<Book review>

Zarconi's Magic Flying Fish by Kirsty Murray (1999)

It's harder work than you might think -- keeping a circus on the road. It's good if you can walk on a tightrope, do a few pratfalls and general tumbling, busk in front of the audience with size thirteen shoes and a big red nose ... But if you didn't know your grandparents had a circus, and you suddenly have to stay with them, in their caravan, on the road, while your mum is in hospital, you might find that the only job you're really qualified for is mucking out the elephant's truck!

Dear Mum,
I hope you're feeling better. How much longer til you can come and get me? I hope you're better really soon. Everyone here is weird except Effie is okay and there is an elephant too. Doc eats fire and he made me clean up Kali's turds. I miss you. I miss Melbourne. I even miss school. I hope you get better really quick so I can come home really soon. Next week would be good.
Love Gus

Actually, Gus is having a horrible time. It's hard to face up to his mother's cancer. He really just wants everything to go on as it was before. Just him and his mother living in a proper house. School and his friend Pete Spanner. But if that is not to be, then really, he'd quite like a granny like Pete's: white hair, plump and cuddly-looking.

As it turns out, Gus's grandparents are a rather formidable pair. The problem isn't really how much they expect him to put into Zarconi's Circus - he's quite keen to have a go on the trapeze - it's more a problem of how much they won't tell him about his own family background.

For instance, everyone seems to have known his father, but won't tell Gus anything about him. Then there is the other Gus. Who exactly was he, if he wasn't his father? Why did his mother leave the circus and never tell him about it? And why won't his grandparents call him by his proper name?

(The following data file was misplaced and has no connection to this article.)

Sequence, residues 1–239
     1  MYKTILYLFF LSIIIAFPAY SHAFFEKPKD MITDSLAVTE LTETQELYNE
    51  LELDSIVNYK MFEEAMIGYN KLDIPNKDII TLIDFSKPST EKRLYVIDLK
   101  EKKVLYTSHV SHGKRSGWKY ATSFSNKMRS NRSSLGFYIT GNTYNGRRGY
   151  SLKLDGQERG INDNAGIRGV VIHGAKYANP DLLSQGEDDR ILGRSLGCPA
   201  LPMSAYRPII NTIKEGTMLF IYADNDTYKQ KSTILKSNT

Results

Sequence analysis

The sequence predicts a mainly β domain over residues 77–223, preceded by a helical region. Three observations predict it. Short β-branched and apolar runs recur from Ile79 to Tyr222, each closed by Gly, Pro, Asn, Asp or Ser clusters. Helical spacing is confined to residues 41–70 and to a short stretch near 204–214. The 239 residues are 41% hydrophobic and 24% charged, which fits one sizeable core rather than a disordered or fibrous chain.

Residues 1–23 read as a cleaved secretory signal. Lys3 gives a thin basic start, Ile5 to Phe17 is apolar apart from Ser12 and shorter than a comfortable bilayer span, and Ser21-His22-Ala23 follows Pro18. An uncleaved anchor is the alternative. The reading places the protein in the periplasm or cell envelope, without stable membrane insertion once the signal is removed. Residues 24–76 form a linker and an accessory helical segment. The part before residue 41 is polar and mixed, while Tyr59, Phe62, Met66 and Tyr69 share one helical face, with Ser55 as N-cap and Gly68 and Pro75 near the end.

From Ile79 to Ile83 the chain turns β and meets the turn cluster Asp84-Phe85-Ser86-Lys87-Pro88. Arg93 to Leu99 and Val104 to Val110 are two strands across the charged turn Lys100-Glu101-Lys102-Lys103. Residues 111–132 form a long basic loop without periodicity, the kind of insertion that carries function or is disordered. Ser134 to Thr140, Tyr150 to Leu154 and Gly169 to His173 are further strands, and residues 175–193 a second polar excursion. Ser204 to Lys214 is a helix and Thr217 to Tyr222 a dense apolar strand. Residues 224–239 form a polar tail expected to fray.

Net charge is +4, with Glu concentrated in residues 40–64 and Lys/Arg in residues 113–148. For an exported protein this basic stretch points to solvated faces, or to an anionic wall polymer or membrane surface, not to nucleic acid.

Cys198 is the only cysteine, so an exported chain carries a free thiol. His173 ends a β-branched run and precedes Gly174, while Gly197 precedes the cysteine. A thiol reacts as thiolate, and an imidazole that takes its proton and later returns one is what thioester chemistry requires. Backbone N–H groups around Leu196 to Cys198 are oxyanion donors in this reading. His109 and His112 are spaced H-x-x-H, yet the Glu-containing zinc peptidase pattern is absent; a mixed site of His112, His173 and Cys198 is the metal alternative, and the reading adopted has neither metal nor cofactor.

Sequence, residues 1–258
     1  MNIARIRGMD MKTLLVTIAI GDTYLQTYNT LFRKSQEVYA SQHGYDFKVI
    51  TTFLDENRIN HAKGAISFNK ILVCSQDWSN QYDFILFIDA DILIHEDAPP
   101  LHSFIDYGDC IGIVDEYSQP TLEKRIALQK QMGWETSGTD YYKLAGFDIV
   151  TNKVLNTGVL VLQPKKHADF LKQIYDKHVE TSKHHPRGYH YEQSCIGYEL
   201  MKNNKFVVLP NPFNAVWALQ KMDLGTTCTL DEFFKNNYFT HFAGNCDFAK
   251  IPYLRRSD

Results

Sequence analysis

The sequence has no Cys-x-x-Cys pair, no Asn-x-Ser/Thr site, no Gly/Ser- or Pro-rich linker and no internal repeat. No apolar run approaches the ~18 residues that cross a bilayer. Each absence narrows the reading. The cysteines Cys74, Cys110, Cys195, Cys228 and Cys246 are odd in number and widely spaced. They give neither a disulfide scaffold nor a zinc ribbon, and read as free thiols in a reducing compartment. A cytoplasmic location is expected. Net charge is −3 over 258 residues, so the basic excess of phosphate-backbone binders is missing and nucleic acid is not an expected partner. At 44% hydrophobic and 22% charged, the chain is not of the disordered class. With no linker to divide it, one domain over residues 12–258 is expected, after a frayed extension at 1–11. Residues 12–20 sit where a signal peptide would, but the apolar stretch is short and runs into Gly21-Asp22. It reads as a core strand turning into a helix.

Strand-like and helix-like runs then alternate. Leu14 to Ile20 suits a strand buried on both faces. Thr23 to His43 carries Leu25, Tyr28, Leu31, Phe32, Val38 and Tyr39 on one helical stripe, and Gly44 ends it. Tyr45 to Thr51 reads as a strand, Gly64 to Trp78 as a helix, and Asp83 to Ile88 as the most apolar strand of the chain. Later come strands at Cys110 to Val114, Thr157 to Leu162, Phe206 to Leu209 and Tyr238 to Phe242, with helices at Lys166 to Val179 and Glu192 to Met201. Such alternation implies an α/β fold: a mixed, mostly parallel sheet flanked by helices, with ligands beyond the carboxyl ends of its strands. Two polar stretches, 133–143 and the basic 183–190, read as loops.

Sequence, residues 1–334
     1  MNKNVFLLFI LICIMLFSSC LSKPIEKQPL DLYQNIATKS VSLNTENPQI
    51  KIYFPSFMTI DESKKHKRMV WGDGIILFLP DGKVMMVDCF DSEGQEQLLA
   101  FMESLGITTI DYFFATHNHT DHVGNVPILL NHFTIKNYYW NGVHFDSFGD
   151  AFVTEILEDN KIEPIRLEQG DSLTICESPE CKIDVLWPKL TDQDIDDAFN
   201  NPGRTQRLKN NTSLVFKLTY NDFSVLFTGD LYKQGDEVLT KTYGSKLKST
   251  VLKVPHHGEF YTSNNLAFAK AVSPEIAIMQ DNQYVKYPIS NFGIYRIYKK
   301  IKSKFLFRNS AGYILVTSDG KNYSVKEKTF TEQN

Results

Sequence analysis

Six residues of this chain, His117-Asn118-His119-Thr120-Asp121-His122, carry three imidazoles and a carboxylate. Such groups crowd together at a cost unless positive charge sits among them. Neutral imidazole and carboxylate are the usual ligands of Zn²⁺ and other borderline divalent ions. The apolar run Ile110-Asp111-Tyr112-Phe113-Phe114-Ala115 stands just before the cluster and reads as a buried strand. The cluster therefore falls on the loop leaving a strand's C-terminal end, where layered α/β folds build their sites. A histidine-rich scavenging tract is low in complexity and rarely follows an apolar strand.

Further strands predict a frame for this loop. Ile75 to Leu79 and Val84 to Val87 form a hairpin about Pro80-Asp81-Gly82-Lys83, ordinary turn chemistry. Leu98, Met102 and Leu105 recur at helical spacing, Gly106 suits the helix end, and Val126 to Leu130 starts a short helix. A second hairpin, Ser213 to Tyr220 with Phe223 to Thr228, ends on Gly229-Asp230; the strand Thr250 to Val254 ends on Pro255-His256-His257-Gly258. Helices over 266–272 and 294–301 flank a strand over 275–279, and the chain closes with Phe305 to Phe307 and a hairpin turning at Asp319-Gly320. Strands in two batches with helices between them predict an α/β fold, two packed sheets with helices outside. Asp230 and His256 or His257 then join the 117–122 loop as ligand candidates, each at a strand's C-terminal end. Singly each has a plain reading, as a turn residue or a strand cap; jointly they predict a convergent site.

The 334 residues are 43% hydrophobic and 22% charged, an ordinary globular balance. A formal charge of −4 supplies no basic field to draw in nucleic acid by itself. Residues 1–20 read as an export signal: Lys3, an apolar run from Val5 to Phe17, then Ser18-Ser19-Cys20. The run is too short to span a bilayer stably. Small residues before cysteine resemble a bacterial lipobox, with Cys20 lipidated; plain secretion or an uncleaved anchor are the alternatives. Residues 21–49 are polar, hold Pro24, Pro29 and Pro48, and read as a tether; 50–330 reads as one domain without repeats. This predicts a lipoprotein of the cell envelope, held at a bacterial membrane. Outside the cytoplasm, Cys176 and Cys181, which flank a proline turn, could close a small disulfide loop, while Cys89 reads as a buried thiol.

There's a lot to worry about, but as Gus begins to settle into the life of the circus he becomes pre-occupied with other things. He really wants to fly on the trapeze like the girl Effie, but his grandparents seem determined to keep him on the ground. He practises his tumbling routines and is whisked in front of the crowd as Zippo Zarconi 'the clumsiest little clown in Australia'!

'There's sawdust in your veins, boy, mark my words. Blood will out - every time!'

But the circus is not drawing big enough crowds and the takings are down. On top of that, they have a run of bad luck which makes Gus wonder if he really is a Jonah for Zarconi's - first the snake girl's snake dies, then Kali the elephant dies, then the big top is damaged in a twister out in the desert. Gus's grandfather is ready to pay everyone off and give up, but still all Zarconi's Incredible Travelling Circus needs is one brand new exciting act ...

Gus's mother recovers and is ready to take him home again, but now Gus finds his new life has taken him over completely:

The idea of returning to his old life in Melbourne made him feel muddled and unsure of himself. He'd shed the skin of that life, like a grub breaking out of its cocoon, and he couldn't imagine how he could squash his beautiful new wings back into the chrysalis.

What's to be done? Can Gus help breathe new life into Zarconi's?

I really enjoyed this book. I loved meeting all the different characters that the circus presented, and having a little look round a real working circus.

What can I read next?

Specially interested in circuses? David Almond has written a beautiful book partly set in a circus. Like all his work, it is practically poetry:

KM Peyton has written a thrilling story set around horse racing, which has a really exciting atmosphere:

And Susan Gates has written this extraordinary adventure which starts off in a travelling theatre:

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